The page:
Widespread Support for Open XML

The Ecma Office Open XML file formats are being rapidly adopted across multiple platforms and products from a wide range of IT vendors, creating real value for IT users around the globe. Thousands of companies from 67 countries on six continents have raised their voices in support of Open XML and its ratification by ISO/IEC at http://www.openxmlcommunity.org. As well, the open standard has also been gaining broad adoption across the software industry for use on a variety of platforms - including Linux, Windows(R), Mac OS and the Palm OS. Independent software vendors (ISVs) and platform providers around the world - such as Apple, Corel, Sun, Microsoft and Novell - are developing solutions using Open XML. Many developers working with the formats are active contributors to http://www.openxmldeveloper.org.

Those working with Open XML can attest to the benefits of this open file format in the areas of file and data management, data recovery, interoperability with line-of-business systems, and the long-term preservation of documents. Open XML is optimized for the level of precision and detail that facilitates carrying forward billions of existing files. As well, Open XML file formats are uniquely capable of integrating other types of systems and data with Open XML documents, while maintaining a clean, simple separation of presentation (Open XML markup) and data (custom schemas and instances thereof). This means that organizations can use Open XML formats to report information from other applications and systems without having to translate it first, which is a key innovation for developers seeking to incorporate real- time business information into their documents, or those who seek to "tag" documents with their own categorization system to improve their understanding of its contents.

More information about Open XML, as well as available solutions using the open standard specification, is available at http://www.openxmlcommunity.org/ momentum.aspx#technology.

Commitment to Interoperability

The Open XML Translator (http://www.sourceforge.net/projects/ odf- converter) is one among many interoperability projects Microsoft has undertaken. We continue to work with customers and others in the industry to address the critical interoperability issues of our customers through the delivery of products that are interoperable by design, collaboration on interoperability projects, providing access to interoperability technologies, and standardization. Other evidence of collaboration includes our technical collaborations with AOL LLC and Yahoo! Inc. for instant messaging interoperability, the broad collaboration with Novell on virtualization, document formats and intellectual property, and the creation of the Interoperability Vendor Alliance. More information is available at http://www.microsoft.com/interop.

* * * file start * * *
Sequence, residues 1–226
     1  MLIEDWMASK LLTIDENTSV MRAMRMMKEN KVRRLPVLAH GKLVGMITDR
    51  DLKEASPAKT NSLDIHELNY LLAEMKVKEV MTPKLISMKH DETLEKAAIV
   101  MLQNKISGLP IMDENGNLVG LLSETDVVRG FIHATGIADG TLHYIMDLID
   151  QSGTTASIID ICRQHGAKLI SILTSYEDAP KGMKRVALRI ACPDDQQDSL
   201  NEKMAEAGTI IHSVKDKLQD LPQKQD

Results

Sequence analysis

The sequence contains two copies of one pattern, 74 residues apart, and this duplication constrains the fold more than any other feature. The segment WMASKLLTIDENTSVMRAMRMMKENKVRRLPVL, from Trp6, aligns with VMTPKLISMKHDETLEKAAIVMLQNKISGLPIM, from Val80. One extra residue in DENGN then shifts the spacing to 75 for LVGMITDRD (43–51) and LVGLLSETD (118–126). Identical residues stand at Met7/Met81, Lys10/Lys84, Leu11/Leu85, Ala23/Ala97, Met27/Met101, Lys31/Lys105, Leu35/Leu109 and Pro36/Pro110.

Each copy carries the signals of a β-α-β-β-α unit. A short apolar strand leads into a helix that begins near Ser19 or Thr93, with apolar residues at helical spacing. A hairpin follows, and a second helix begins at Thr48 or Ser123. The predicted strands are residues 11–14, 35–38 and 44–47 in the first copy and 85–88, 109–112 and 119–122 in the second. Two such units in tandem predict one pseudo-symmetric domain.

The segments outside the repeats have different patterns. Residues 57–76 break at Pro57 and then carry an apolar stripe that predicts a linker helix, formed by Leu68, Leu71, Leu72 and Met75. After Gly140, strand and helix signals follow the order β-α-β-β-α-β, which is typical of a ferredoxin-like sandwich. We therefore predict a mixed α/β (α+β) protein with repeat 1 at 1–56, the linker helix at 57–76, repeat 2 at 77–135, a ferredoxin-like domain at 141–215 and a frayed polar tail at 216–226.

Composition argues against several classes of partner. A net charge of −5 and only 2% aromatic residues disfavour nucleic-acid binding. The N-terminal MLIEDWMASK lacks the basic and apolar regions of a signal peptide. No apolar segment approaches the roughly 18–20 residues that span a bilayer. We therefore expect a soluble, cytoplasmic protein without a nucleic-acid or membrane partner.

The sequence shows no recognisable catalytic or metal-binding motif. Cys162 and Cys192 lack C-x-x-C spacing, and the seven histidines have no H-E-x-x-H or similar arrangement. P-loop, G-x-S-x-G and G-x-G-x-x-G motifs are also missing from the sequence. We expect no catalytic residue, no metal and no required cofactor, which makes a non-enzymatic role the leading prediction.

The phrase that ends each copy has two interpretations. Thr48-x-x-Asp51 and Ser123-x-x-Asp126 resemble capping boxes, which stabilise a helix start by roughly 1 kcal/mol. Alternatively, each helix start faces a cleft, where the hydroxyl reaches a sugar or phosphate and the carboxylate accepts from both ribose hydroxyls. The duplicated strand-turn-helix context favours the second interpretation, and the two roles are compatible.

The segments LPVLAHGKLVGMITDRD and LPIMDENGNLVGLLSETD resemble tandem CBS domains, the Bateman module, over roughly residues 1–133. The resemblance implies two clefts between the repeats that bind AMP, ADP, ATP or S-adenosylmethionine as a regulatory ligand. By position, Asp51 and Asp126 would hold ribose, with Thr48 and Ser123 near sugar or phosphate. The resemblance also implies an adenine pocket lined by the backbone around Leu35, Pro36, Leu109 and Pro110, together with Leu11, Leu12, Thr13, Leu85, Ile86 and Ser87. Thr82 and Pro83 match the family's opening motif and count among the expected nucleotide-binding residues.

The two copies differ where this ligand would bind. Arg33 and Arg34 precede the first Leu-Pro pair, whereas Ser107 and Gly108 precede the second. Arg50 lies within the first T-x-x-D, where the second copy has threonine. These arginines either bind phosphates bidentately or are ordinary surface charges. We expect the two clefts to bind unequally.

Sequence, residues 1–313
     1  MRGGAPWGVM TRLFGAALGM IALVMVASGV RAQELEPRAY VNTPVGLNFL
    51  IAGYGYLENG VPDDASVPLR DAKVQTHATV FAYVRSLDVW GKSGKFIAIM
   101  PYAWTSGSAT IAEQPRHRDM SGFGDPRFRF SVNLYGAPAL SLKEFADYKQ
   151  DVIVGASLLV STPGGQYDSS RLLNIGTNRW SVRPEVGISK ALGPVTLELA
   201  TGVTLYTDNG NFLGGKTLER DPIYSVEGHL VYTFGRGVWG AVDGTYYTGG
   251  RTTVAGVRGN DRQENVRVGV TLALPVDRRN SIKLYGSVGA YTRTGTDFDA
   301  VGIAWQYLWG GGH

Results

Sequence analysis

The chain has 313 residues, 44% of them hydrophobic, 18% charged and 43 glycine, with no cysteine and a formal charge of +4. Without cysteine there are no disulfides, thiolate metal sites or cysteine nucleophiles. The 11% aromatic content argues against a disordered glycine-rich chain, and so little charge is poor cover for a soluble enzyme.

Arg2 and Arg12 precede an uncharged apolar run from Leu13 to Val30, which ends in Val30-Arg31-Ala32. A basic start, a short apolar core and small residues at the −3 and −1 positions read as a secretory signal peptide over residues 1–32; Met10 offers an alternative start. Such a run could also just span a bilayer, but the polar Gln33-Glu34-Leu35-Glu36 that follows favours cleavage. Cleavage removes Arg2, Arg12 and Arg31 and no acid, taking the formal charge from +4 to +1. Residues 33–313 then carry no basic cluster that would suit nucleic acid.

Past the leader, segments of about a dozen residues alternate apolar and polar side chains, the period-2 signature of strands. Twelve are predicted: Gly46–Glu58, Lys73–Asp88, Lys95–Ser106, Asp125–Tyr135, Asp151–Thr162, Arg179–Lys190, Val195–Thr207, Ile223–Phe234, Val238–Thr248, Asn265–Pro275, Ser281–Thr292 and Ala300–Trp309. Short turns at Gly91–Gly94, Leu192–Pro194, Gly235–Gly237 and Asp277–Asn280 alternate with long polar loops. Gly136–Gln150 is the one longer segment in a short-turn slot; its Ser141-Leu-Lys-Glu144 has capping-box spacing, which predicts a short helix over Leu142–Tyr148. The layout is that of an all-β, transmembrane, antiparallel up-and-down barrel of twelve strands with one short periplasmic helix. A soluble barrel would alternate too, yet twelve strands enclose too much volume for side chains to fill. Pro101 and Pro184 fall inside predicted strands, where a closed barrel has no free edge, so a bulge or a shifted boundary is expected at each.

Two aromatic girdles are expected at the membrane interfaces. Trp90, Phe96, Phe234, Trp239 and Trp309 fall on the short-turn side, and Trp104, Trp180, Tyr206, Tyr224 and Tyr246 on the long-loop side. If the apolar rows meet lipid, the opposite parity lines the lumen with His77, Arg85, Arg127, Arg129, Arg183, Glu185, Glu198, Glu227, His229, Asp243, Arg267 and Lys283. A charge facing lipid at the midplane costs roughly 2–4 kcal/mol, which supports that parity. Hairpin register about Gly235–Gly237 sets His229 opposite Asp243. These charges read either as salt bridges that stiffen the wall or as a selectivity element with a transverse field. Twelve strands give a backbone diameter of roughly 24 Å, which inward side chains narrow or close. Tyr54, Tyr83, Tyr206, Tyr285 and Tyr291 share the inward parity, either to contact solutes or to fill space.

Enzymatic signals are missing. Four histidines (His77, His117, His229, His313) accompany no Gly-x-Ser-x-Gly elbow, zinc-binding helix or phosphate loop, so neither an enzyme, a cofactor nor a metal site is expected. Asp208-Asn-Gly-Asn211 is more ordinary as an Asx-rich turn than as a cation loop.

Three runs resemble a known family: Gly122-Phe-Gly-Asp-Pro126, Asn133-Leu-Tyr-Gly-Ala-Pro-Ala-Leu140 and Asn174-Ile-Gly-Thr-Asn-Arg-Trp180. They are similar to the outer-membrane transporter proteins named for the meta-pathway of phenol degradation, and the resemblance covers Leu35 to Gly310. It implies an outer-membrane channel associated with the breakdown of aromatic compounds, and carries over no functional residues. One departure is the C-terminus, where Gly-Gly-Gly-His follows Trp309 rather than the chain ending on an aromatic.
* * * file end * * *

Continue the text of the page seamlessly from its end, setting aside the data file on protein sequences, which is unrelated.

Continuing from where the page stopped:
Founded in 1975, Microsoft is the worldwide leader in software, services and solutions that help people and businesses realize their full potential.


  


The results of the ISO voting: Office Open XML is Disapproved - Updated: It's Official | 355 comments | Create New Account
Comments belong to whoever posts them. Please notify us of inappropriate comments.
Corrections here please, if any (n/t)
Authored by: tiger99 on Tuesday, September 04 2007 @ 09:13 AM EDT

[ Reply to This | # ]

Off Topic Thread
Authored by: MDT on Tuesday, September 04 2007 @ 09:14 AM EDT
Off Topic Here, make them links Clicky if you can.

---
MDT

[ Reply to This | # ]

Comments on Newspicks items here please (n/t)
Authored by: tiger99 on Tuesday, September 04 2007 @ 09:17 AM EDT

[ Reply to This | # ]

So MS has now more time for lobbying
Authored by: Anonymous on Tuesday, September 04 2007 @ 09:25 AM EDT
early next year gives them plenty of opportunities to:
1) lobby/bribe for more countries participate with P status.
2) address some of the issues to improve their MS-XML.

This time around they messed up up a bit. I'll bet within the coming month they
will choose a more subtle approach.

My question: Do all of the specification(comments) submitted have to be
addresses?, or can a vote be passed regardless if they were addresses?

[ Reply to This | # ]

I still can't believe it
Authored by: Winter on Tuesday, September 04 2007 @ 09:26 AM EDT
MS really snatched defeat from the fangs of victory!

They had everyting: stacked votes, manipulated ballot boxes, billions of money,
the best PR and politicians money can buy. Allies in every possible position.
Whole countries participated only to help MS. And still they lost.

I really really did not expect this.

Rob

---
Some say the sun rises in the east, some say it rises in the west; the truth
lies probably somewhere in between.

[ Reply to This | # ]

The results of the ISO voting: YES! YES! YES!
Authored by: Anonymous on Tuesday, September 04 2007 @ 09:29 AM EDT
YES! And another round of thanks to PJ. Groklaw's influence on informed opinion
in cases of such a tight vote can not be discounted. Let's keep it up for
another NO next year!

biteydog

[ Reply to This | # ]

The results of the ISO voting: Office Open XML is Disapproved
Authored by: Anonymous on Tuesday, September 04 2007 @ 09:29 AM EDT
Woot, I'm glad my country's standards organization voted the RIGHT way.

[ Reply to This | # ]

M$ continue to lie......
Authored by: tiger99 on Tuesday, September 04 2007 @ 09:30 AM EDT
Their nasty piece of spin contains a number of lies and falsehoods, and conveys the impression that people everywhere are rushing madly to implement OOXML everywhere, even on Linux. Well, maybe Miguel is, I don't know, but I doubt that any other developers will waste time on such an ill-defined piece of trash, probably not even in the very unlikely event that it does eventually become an ISO standard.